The much-anticipated fantastic ‘Summer of Sports’ has so far been very disappointing for local sport fans. Thankfully, the recently concluded Pan Am Games in Lima, Peru, saw our national treasures garnering 17 of the 19 medals that the country won, surpassing the total of eight medals earned in 2015. Our victories, which included Pan Am Games records in the women’s 200m, men’s discus, and women’s shot put, were complete with women’s 100m, women’s 400m, and women’s 800m gold. These athletes have deservedly won medals for their own well-being and sense of accomplishment. But they have given a nation – thirsty for any “good news” to take us (even if temporarily) out of a national funk caused by tales of corruption in high places, the seemingly unrelenting scourge of violence against citizens and traffic woes featuring mindless, reckless, and, frankly, brazen road users who laugh at any feeble attempt at improving the daily commute of Jamaicans in our cities – something to look forward to, something to celebrate. The Americans have used podium finishes in the Pan Am Games to highlight (and protest) injustices and wrongs being perpetrated against their fellow citizens back home. These actions of a female javelin thrower and a fencing gold medallist have evoked threats of sanction from the Games authorities, but their actions have resonated with those citizens at home who are suffering daily, knowing that even in the face of glory and reward for athletic superiority, someone cares! As a nation, we do not expect our sport stars, or national treasures, as they really are, to step up to the plate and support their fellow suffering citizens with protest. We are all painfully aware of the treatment meted out to any athlete who dares to expose ‘bad mind’ and impropriety in their sport administrations. So as we wait for the passage of time and retirement to get a true picture of corruption in the administrations of local sports, we thank our stars for these few and precious moments of celebration that give us a smile and a reason to get up and go to work and school every day. Stats not improving The record total of one-day runs by the world’s best exponent of the shortened game of cricket, Christopher Henry Gayle, has done very little to mask the continued poor results of the best amalgamation of regional cricketers on the world stage. Local statistics guru Zaheer Clarke reminds me that since he took office on March 25, 2019, the team under the leadership of president Ricky Skerritt has played 16 one-day internationals and three T20s. We have won four, lost 13, and have two no-results. We (the West Indies) have played the second-highest number of matches of all the ICC-registered teams in that period, 19 with England being the only country that has played more – 20. Our 13 losses are the most by any team during that period. Pakistan have lost 11 of 17 matches, and Afghanistan have lost 10 of their 12 games. Of the 12 full-member teams of the ICC, the West Indies’ win-to-loss ratio is ranked 11th, only ahead of Afghanistan. These statistics are not improving, even as the cricketing public of these islands celebrate a new and different method of administering regional cricket. Time is not a friend of new administrators who are swept into power with the promise of ‘change for the better’. The honeymoon afforded to new leaders does not usually last very long. It is now time for Skerritt to make good on his promise from his acceptance speech in March this year. With cricket and football also showing very worrying signs of regression in international standings, the leaders of these organisations cannot and should not expect to keep saying, “This is the best-prepared and best-talented team selected to represent us,” only to sheepishly look for others to blame when the performances fail to live up to the pre-game hype so frequently mouthed by our vanquished representatives. Those seeking positions of power in sporting administrations are painfully aware of the lack of facilities and resources necessary to produce consistent world-class results. So in seeking to defeat and dethrone incumbents, they should have a formula to gain corporate/financial support and not ‘blame finances’ when results are poor. We need administrators who either play or understand the nuances necessary for an athlete to reach and stay at the top, as well as the necessary connections to garner financial support for crucial aspects of the development of the sport that they are administering. We need leaders of substance, not talkers and profilers who are given the task of leading only because of longevity in positions on committees, and ‘contribution to sport in general’. Dr Paul Wright is a sports medicine specialist and radio personality.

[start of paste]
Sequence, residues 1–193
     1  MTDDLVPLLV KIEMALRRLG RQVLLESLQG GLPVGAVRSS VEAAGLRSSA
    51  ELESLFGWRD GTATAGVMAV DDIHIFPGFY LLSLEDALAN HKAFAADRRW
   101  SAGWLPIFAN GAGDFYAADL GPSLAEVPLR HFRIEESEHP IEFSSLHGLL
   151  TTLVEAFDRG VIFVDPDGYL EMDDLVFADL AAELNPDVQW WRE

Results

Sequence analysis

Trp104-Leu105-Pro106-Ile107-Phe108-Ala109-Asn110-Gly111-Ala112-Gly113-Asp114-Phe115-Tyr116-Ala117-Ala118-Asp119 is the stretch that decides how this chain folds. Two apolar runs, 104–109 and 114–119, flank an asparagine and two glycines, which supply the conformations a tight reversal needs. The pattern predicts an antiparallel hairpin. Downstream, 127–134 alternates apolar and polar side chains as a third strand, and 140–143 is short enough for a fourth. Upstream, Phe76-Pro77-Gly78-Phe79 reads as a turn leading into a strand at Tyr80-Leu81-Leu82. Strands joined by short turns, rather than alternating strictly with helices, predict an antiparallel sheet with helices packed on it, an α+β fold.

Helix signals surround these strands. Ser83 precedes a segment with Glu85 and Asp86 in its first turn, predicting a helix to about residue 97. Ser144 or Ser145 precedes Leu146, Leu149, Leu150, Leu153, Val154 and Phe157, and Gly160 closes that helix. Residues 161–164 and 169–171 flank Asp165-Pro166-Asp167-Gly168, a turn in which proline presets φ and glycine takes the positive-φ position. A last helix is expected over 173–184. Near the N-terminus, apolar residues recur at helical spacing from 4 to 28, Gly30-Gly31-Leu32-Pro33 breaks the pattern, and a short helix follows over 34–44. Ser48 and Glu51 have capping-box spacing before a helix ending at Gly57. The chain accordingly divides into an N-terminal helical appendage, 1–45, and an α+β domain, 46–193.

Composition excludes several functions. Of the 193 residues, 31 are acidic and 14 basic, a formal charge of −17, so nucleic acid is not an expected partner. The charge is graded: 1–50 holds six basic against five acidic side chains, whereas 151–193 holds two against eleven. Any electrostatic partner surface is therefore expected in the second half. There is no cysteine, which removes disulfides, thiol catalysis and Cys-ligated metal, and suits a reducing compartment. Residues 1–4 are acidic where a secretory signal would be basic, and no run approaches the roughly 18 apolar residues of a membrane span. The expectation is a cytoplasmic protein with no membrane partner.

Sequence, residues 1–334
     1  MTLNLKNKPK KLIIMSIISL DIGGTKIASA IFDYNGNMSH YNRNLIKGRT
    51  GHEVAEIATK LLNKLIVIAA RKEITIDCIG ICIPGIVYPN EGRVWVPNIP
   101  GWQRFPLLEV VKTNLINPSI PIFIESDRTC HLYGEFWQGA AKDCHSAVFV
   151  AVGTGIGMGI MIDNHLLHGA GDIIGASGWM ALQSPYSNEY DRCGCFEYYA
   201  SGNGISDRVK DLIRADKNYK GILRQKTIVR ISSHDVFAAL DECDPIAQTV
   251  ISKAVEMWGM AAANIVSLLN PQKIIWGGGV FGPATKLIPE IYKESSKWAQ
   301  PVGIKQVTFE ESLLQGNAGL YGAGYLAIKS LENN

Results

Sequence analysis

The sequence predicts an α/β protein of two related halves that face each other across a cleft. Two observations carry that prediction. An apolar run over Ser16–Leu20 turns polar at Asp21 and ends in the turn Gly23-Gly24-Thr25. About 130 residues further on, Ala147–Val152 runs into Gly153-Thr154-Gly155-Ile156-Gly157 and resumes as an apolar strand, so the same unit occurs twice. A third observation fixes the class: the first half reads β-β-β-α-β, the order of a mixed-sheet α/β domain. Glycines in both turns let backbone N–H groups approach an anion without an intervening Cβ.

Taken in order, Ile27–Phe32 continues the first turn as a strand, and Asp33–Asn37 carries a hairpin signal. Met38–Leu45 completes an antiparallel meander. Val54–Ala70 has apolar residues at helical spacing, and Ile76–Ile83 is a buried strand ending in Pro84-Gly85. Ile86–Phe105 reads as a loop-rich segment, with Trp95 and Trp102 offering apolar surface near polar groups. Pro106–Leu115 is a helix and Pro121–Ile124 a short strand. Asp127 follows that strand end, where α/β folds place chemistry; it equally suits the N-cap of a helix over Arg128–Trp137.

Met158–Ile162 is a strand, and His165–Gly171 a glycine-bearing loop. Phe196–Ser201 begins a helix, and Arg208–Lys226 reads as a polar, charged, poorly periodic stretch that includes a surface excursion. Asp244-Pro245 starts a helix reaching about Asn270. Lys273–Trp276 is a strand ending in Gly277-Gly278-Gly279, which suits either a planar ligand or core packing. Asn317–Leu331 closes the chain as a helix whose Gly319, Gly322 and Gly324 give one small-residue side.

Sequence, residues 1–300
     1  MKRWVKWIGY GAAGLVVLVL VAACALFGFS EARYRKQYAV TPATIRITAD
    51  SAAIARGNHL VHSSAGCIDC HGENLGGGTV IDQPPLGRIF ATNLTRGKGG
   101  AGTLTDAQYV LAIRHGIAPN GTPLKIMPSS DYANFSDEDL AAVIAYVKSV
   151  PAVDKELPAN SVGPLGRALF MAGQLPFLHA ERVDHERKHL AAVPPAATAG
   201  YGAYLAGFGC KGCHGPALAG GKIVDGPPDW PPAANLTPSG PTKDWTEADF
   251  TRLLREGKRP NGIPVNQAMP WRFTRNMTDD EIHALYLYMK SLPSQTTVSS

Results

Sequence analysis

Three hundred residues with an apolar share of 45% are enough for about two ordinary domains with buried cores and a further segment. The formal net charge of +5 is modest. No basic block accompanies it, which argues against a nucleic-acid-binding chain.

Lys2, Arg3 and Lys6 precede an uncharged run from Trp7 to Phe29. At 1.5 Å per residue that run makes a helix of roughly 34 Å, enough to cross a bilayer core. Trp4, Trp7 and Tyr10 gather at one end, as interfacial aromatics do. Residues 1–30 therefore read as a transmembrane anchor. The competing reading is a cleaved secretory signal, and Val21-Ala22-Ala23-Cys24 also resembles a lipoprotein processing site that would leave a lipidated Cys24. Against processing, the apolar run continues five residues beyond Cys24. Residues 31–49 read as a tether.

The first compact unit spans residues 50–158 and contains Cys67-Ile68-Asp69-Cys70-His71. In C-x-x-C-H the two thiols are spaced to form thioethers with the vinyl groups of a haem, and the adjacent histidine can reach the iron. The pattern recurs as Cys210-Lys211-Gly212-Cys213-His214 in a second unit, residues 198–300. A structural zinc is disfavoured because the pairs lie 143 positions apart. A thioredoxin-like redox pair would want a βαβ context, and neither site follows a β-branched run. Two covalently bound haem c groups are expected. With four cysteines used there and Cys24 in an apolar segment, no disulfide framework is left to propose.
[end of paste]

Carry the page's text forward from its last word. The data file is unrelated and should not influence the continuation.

European champions Real Madrid and the Premier League have topped the FIFA money list for clubs and leagues respectively ahead of the World Cup tournament in Russia.World Soccer ruling body, FIFA, pays £6,370 on a daily basis per player for those in their respective World Cup squads.According to Vexcash, Real Madrid will receive more cash than any other club for players at the World Cup at least for the group stage.Real Madrid will receive £2,960,200m ahead of Manchester City (£2,824,000), Chelsea (£2,630,700), Barcelona (£2,384,500) and Paris Saint Germain (£2,365,300).The Premier League tops the list for the various leagues with £24,197,500 ahead of the Spanish La Liga (£12,946,100), German Bundesliga (£12,066,200), Italian Serie A (£11,188,600) and French Ligue 1 (£9,183,500).Related